News and Opinion from Sisters, Oregon

Running commentary

Those of you who hit the local trails to hike, bike and run have probably experienced this: You are on a trail that you frequent, when, along the side of the path, you notice a green or blue “doggie bag,” or a recycled produce bag, used to contain poop from someone’s canine companion. On your way back, you notice it is still there. The next day, you use that same trail and there it sits.

If this were a rare occurrence I would write it off as someone simply forgetting, but it happens frequently.

My questions are two-fold: 1. Who do these offenders think is going to pick up their doggie bags? 2. If you’re not planning to dispose of the doggie bag, why use the bag at all?

This issue could be the foundation of a more extensive social commentary.

Are we dealing with entitled hikers who are above taking care of their dog’s doo-doo?

Are people simply conveniently forgetful?

Do people believe that using the bags “is the responsible thing to do” yet they can’t get themselves to actually complete the process and carry the dung to a disposal?

Do people really believe those bags are biodegradable?

Is it some sort of indirect protest against the new law that doesn’t allow plastic bags in the grocery store, so these rebels are saying “I’ll show you how to use a plastic bag, by gosh!”?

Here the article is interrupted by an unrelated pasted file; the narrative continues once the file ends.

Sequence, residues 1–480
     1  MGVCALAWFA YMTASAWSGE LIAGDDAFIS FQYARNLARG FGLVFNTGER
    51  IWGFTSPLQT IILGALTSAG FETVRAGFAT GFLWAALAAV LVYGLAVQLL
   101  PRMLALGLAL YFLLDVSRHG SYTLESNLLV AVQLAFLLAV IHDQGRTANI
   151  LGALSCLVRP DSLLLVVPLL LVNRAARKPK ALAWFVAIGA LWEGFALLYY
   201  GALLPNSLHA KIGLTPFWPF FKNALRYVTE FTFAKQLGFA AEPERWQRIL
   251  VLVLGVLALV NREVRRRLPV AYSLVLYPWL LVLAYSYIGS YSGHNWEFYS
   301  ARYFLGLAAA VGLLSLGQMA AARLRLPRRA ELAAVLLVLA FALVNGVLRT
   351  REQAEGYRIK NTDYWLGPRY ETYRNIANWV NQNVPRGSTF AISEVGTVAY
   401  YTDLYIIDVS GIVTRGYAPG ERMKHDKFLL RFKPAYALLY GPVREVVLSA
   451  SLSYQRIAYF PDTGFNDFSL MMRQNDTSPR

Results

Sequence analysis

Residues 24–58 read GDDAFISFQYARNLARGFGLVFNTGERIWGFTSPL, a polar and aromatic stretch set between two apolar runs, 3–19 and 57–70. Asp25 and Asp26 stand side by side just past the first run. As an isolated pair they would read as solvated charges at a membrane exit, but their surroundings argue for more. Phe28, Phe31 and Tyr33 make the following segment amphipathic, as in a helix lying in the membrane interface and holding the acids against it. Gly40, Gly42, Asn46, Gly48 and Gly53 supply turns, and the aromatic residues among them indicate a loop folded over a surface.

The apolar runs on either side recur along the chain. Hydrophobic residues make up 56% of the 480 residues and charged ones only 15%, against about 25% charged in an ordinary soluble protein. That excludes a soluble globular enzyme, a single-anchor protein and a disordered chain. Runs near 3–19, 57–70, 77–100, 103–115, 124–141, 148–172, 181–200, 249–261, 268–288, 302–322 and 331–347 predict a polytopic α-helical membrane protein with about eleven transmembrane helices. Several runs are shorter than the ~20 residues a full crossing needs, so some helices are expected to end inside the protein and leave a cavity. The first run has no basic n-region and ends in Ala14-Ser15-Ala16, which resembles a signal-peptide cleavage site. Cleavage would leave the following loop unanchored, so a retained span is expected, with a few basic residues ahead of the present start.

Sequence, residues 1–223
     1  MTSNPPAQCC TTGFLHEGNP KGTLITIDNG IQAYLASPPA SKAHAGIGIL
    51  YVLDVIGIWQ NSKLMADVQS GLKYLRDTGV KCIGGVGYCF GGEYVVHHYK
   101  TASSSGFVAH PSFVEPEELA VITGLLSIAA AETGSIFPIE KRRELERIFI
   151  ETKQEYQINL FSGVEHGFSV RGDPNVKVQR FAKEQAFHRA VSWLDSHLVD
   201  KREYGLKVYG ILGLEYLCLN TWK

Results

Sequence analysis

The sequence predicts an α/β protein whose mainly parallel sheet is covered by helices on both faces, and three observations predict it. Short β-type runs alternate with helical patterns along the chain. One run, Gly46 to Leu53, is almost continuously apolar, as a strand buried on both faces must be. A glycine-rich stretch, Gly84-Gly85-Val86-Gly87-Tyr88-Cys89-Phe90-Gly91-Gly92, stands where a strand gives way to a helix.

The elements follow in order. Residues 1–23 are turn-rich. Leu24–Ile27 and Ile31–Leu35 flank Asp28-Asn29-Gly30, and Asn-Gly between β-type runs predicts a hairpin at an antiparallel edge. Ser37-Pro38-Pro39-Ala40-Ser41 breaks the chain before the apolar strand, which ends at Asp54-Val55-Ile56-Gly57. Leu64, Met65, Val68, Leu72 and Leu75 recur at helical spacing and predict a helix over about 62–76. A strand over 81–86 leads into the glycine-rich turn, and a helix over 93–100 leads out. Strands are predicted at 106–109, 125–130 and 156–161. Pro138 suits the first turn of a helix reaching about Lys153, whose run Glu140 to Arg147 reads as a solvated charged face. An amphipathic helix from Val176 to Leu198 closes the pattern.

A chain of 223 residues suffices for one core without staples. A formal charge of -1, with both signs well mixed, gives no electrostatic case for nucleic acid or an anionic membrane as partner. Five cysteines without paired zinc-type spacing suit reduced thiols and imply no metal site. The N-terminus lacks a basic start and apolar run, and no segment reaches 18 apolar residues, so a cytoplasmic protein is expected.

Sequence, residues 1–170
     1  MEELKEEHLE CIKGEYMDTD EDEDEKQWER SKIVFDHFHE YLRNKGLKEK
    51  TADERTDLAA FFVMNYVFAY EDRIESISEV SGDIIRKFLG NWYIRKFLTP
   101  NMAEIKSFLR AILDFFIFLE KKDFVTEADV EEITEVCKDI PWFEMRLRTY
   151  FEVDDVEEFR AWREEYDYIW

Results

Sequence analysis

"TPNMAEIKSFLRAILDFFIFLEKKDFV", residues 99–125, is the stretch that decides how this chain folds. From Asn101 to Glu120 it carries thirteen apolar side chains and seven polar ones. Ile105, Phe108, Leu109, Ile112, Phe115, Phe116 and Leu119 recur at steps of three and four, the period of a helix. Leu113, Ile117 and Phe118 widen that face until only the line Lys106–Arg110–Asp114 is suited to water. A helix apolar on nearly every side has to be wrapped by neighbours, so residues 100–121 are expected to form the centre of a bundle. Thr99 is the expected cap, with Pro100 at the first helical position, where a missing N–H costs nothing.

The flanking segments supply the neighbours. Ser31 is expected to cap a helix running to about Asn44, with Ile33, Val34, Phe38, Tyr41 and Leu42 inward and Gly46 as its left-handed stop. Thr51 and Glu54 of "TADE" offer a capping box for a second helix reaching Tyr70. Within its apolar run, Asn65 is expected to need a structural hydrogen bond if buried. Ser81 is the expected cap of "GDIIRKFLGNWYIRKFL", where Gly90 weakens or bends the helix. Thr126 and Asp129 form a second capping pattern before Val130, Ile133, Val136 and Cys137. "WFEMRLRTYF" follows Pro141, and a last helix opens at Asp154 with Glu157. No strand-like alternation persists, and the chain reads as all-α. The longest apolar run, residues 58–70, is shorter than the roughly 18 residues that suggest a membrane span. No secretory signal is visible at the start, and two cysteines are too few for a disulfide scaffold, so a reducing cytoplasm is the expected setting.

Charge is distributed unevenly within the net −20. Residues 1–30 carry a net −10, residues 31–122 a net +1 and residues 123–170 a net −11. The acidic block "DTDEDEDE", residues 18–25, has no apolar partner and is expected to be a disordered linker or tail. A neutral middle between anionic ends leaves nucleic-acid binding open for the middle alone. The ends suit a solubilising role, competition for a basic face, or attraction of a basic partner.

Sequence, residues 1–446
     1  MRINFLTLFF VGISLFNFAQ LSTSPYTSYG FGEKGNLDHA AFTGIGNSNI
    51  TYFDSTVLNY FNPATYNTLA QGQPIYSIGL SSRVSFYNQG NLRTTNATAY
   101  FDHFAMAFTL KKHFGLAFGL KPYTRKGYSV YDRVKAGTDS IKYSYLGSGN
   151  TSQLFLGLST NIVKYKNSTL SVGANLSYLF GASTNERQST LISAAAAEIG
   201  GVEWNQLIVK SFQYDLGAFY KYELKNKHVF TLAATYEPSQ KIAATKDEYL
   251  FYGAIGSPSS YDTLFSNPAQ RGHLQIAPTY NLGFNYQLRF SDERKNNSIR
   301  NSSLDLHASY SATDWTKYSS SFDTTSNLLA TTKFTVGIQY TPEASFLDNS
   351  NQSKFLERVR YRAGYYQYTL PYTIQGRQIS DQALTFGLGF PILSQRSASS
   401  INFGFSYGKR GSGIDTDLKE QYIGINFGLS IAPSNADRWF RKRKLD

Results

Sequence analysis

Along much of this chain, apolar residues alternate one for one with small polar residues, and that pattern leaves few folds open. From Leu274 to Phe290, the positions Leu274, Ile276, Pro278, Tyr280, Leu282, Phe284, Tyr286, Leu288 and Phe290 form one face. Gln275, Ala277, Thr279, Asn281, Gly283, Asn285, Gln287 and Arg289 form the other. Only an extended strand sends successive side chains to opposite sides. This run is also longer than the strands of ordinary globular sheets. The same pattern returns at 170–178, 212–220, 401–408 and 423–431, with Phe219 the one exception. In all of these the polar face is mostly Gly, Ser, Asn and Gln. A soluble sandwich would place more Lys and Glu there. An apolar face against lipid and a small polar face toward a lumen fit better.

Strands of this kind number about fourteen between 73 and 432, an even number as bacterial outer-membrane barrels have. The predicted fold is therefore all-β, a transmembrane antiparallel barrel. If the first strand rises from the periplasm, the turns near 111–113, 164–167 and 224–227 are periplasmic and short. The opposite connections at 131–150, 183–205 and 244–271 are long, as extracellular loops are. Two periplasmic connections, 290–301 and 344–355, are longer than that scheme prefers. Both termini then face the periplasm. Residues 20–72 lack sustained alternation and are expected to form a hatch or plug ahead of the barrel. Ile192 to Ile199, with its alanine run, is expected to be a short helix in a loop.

Most of the bags on the market, including those you put your produce in at the grocery store, are not actually designed to return to the earth, despite what their label says.

Most bags are oxo-biodegradable, which means they do break down, but just into smaller pieces of plastic. The real biodegradable bags, which are made of maize flour and vegetable oil, actually do break down naturally within a few weeks, with the help of microorganisms, whether they end up in a landfill or among other compostables. These bags tend to cost about 10 cents apiece. If you are a dedicated bagger, look for the genuine article.

What I am about to say might seem old-fashioned, but on other than heavily traveled, close-to-town trails, wouldn’t it be better to just leave the poop, unbagged, in the woods? If Fido poops right on the trail, can’t we just take a stick and flick the pile off the trail, scuff a little dirt over it, and call it good?

With that said, I would rather see a forgotten poop bag along the trail than a pile of poo on the path. I have actually carried other people’s forgotten bags to a disposal site and encourage others to do so as well, but my hope is that the owners themselves will do a little better job of taking care of their dogs’ business.


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